First, I focused on Dialectical Behavioral Therapy (DBT). I got started with this type of therapy because it was technically created for people with borderline personality disorder, a diagnosis I often think I have. But regardless of diagnosis, its principles have helped me so much. Here are the core principles DBT is built on:
- Distress tolerance
- Emotional regulation
- Interpersonal effectiveness
I know this because I’ve had other therapists who have done DBT work with me, but also because I bought the “Dialectical Behavioral Therapy Workbook” for just $18. These principles are so much better aligned with my actual problems. I mean, improving my distress tolerance alone has made my life approximately a million times better. I still struggle with mindfulness and interpersonal effectiveness though. My issues relating to others and feeling truly safe with them led me to another great type of therapy: schema therapy.
There are very few therapists in my area who are familiar and well-versed in schema therapy, and I haven’t had the chance to work with one yet, so instead, I’ve been doing some schema therapy on my own in addition to my normal therapy sessions. Schema therapy relies on these core principles:
- Self-defeating core themes that reoccur throughout a person’s life
- Emotional states that cause a habit-based behavioral response
- Environmental factors that caused a person to develop these core themes and habit-based behaviors when they were young
Most of what I know about schema therapy I’ve learned from The Psychology, Trauma, and Mindfulness Centre, if you want to check out their amazing resources too. This therapeutic style relies a lot on trauma work and attachment theory. It doesn’t just look at the problems you’re having now, like CBT or even DBT, it looks at you as a whole person, with a past that inherently informs your present.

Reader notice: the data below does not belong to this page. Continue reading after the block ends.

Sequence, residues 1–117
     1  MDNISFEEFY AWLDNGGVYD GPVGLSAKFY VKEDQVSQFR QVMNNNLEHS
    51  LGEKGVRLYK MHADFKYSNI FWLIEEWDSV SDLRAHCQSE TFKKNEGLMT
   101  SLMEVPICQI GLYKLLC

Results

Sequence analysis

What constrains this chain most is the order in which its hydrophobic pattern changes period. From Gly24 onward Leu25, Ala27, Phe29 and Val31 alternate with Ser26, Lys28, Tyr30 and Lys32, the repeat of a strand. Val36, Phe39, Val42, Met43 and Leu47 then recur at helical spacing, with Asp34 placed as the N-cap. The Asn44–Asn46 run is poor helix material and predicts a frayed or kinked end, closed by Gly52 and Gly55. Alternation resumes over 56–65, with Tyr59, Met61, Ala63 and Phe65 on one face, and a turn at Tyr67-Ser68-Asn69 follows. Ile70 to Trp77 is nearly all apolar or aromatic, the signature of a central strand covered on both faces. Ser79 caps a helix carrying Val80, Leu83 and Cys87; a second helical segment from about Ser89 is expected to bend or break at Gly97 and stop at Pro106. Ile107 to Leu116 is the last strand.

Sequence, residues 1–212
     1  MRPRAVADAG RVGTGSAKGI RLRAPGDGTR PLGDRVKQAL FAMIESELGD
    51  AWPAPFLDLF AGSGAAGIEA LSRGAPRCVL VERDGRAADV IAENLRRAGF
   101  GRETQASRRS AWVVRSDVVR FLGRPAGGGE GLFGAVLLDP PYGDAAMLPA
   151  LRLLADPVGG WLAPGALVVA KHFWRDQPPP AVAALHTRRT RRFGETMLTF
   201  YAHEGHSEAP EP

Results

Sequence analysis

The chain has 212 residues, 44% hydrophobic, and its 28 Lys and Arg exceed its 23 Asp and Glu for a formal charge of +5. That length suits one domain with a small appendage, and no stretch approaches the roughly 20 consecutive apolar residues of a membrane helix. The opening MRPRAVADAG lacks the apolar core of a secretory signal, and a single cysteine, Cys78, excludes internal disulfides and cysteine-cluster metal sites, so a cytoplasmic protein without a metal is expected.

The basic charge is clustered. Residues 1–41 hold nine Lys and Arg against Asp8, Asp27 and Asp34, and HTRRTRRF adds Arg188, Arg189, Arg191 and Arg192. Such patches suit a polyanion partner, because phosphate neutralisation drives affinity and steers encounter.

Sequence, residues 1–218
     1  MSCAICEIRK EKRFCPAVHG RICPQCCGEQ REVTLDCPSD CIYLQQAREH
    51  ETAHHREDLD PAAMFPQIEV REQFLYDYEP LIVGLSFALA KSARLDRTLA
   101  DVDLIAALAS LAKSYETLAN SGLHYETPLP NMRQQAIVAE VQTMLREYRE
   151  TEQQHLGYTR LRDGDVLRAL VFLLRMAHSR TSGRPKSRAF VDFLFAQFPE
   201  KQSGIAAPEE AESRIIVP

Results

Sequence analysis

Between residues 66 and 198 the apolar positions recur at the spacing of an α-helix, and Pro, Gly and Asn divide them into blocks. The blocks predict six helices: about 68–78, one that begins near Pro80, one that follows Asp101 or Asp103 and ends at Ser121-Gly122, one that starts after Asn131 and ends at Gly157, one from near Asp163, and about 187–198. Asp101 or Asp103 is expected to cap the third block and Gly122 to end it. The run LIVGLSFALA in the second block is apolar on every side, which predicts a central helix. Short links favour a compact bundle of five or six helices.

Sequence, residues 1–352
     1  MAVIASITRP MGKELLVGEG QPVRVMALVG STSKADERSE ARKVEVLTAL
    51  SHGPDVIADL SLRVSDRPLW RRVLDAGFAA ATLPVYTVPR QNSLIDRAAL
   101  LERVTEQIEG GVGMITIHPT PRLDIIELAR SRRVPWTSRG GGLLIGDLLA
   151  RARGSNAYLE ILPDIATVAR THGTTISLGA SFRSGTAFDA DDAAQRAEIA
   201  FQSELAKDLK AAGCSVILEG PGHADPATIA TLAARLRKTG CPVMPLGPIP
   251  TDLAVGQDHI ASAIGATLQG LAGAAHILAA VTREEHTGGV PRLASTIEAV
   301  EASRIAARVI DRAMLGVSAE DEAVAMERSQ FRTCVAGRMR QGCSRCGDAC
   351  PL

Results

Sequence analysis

Right now, this is the therapy style that is most beneficial to me. My therapist isn’t a schema therapy expert, but she’s working on some of the core principles with me anyway and I feel like I’m making so much more progress in just a few months than I did with years of CBT.
What To Do If Cognitive Behavioral Therapy Isn’t Working For You
Figuring out if therapy is working for you is tricky. I have an older post on how to spot red flags and good signs in therapy, but if you’re pretty sure CBT just isn’t doing it for you, then you need to do one of two things:
- Tell your therapist you’d like to try a different type of therapy (this is a great option if you like your therapist as a person, but just don’t feel like you’re getting what you need from therapy);
- Say goodbye to your current therapist and get a new one who does different types of therapies (this is a good option for people who just don’t feel like they click with their current therapist, in addition to the CBT issues).
I know both options are hard, but trust me, it’s better not to waste your time on a therapy (or therapist) that isn’t working for you. And in the meantime, check out some of the resources I linked above, they might be a huge help.
If this was a helpful guide to CBT and other alternative therapy schemas, let me know in the comments below. What kinds of therapies have you tried? Are you thinking about starting therapy? I’m always happy to do therapy talk!
A version of this article was previously published on the author’s blog, Healing Unscripted.
Getty image via Olga Strelnikova